Until that is, I encountered a roundabout. Nothing too sinister in that you might think and under normal circumstances I'd readily agree. But this was no ordinary circumstance.
A couple of years ago I had the misfortune to be involved in an 'incident' at a roundabout while driving home from work. It was a cold February night and I was driving home after a long hard day of explaining the past perfect to a bemused group of university students: It's an action in the past which happens before an earlier action in the past...
As you can imagine I was exhausted and eager to get home. I approached the last of several roundabouts as Eddie Mair interrogated a flipping MP on Radio 4. The road is known as 'the bypass.' Hence, It has two lanes. Noting a car creeping along in the lefthand lane, I duly moved into the right hand-lane. We had the road to ourselves. The roundabout approached.
I steered gently onto said roundabout as the car on my left skirted round to the left of me. Bang! About to leave the roundabout I found myself, much to my surprise and horror, being shunted across to the opposite side of the bypass. Thankfully there were no cars there at that moment. Thrirty seconds earlier or later would have resulted in a head on smash.
Moments later I was assailed by a hysterical female driver - no less than the driver of the car which I had assumed was going straight on at the roundabout. The lady explained - screamed - that she had been going right on the roundabout and what the hell had I been doing crashing into her? Was I mad?
For a moment I thought it was a very bad dream. I had escaped a potentially very bad crash by a matter of seconds, my car had a giant dent in it and now I was being harrangued by a hysterical female.
"If you intended going right at the roundabout, what the hell were you doing in the lefthand lane," I retorted, now feeling very indignant.
"I was in the right lane!" she screamed back.
"But you just said you were turning right at the roundabout. Then why were you going round in the lefthand lane?" To me it seemed a no-brainer, but the lady insisted that she had done nothing wrong even though she had effectively ploughed into the side of me as I had exited the roundabout.
Was she playing a game here? Attack being the best form of defence? I wasn't sure. When she mumbled something about 'whiplash' my suspicions deepened.
Later, I checked the highway code which advises drivers, rather enigmatically, that roundabouts should be approached in the correct lane. But what pray, is the 'correct' lane?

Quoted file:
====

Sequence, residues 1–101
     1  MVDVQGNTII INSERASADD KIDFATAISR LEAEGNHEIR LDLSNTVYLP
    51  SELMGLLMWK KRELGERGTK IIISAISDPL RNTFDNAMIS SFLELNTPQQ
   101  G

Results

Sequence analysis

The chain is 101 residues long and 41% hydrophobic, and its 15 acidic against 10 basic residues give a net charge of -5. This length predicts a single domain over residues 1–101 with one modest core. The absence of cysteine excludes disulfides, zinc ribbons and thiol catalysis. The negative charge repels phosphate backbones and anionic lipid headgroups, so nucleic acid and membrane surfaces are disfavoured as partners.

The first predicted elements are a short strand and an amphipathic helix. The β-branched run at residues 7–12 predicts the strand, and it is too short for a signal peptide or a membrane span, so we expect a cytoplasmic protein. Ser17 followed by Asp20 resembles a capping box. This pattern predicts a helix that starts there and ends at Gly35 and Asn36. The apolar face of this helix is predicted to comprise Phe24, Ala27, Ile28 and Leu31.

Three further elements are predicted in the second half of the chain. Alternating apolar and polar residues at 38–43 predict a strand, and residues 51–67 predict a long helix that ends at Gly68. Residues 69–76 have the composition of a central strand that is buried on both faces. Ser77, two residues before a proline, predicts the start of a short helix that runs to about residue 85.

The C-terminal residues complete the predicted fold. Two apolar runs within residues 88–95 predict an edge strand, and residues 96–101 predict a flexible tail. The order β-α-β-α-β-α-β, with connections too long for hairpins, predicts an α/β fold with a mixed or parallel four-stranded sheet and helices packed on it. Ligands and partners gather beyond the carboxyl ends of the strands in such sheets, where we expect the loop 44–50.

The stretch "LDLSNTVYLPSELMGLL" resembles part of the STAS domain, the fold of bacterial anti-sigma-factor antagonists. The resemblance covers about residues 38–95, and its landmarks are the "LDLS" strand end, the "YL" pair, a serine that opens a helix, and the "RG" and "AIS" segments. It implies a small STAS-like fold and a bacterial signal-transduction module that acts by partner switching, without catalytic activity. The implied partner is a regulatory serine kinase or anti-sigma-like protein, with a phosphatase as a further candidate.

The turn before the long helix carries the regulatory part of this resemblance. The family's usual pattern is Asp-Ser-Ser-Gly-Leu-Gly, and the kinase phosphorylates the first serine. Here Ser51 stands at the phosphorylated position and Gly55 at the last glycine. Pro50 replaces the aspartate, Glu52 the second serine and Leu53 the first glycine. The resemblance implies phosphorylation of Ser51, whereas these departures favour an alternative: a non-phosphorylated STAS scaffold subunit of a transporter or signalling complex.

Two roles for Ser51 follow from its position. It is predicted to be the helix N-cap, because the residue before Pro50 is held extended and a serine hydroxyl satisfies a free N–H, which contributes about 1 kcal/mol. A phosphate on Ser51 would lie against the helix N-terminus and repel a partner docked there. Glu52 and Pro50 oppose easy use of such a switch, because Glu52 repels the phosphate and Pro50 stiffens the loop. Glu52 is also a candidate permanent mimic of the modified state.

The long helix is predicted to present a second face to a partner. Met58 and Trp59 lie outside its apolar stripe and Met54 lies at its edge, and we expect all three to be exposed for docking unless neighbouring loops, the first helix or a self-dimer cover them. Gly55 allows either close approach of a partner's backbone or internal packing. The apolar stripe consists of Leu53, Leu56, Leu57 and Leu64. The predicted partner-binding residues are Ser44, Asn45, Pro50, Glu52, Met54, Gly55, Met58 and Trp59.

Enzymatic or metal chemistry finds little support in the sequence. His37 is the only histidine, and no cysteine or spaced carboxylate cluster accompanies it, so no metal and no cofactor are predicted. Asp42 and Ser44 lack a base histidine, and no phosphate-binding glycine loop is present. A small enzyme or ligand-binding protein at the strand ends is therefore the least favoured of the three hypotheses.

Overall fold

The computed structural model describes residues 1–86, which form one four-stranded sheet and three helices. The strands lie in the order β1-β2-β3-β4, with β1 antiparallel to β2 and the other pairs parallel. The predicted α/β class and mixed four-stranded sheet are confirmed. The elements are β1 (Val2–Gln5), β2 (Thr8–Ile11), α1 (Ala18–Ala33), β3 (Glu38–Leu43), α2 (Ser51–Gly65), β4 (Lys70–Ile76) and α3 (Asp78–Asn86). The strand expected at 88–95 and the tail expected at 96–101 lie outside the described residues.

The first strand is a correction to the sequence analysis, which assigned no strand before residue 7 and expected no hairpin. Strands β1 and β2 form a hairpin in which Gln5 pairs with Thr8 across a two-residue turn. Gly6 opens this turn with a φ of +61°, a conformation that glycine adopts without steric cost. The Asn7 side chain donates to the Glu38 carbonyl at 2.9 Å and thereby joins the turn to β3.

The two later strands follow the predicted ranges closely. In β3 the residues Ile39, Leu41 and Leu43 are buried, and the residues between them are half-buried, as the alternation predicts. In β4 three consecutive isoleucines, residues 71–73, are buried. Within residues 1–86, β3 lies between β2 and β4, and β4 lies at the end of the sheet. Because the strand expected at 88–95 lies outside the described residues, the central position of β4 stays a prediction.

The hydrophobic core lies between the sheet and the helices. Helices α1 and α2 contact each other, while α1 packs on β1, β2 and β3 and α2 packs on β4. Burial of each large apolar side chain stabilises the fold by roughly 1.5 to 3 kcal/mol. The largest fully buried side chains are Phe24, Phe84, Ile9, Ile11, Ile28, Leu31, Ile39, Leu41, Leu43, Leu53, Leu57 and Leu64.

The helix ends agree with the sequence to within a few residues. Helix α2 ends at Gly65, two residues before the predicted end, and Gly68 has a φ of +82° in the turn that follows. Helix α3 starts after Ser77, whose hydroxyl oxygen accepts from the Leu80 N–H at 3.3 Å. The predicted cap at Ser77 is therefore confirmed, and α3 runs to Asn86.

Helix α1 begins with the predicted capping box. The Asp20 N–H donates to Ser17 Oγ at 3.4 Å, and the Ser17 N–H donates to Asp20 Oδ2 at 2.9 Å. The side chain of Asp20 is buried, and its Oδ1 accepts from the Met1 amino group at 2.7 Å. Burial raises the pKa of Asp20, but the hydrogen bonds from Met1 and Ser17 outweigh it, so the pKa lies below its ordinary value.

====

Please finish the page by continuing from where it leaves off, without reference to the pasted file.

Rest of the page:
The man at the RAC sympathised. "I know what you're saying. The other driver should have been in the right handlane, if she'd been intending to turn right.."
"Precisely," said I. "Isn't that the rule?
"'It seems to be a bit of a grey area," replied the officer a trifle apologetically. By now I was tearing my hair out. Thank god I've got plenty to spare.
My solicitor wasn't much help either. "Best to settle 50/50. Much easier that way." My pleas that I hadn't actually done anythig wrong had obviously fallen on deaf ears. The advice remained the same: accept joint liability.
So gentle reader, take heed. The next time you approach a roundabout beware, because there are some drivers out there who think that when negotiating a roundabout with the intention of turning right, they have a choice of lanes: right or left.
What this effecively means is, that if you have the misfortune to find yourself going straight on in such a situation, and you happen to be in the righthand lane, then you might just find one of these 'lefties' chopping across your bonnet. Forget the Highway code, forget sensible behaviour or indeed predictable behaviour.
I mean think about it. Imagine yourself at a junction, the type with two lanes. You wish to turn right. I'm only guessing here, but presumably you wouldn't head for the left side of the road? That would just be confusing at best, dangerous at worst. What's so different about roundabouts?
Worse still, none of the agencies who one would turn to in such scenarios could actually confirm my innocence. The police, solicitors, RAC..all proved frustratingly non-committal.
And so next week the case finally comes to court for what it's worth. I shan't even be there. It's a 50/50 formality. So not only did I lose my 13 years no claim bonus, but more significantly I lost my belief in fair play. My belief in justice per se has also taken quite a knock. Sometimes the system just ain't right.
The moral of the story? Take extra care at roundabouts, because you never know, the other driver might just be a leftie...